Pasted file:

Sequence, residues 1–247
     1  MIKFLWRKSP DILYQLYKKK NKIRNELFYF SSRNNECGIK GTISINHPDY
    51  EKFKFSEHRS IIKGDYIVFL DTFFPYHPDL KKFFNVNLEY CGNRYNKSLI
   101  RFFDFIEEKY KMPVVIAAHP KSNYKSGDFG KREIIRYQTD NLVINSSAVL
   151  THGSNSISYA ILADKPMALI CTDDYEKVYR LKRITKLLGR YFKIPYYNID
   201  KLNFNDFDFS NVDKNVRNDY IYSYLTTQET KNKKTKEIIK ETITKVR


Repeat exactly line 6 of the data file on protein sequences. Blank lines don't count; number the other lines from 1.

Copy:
   201  KLNFNDFDFS NVDKNVRNDY IYSYLTTQET KNKKTKEIIK ETITKVR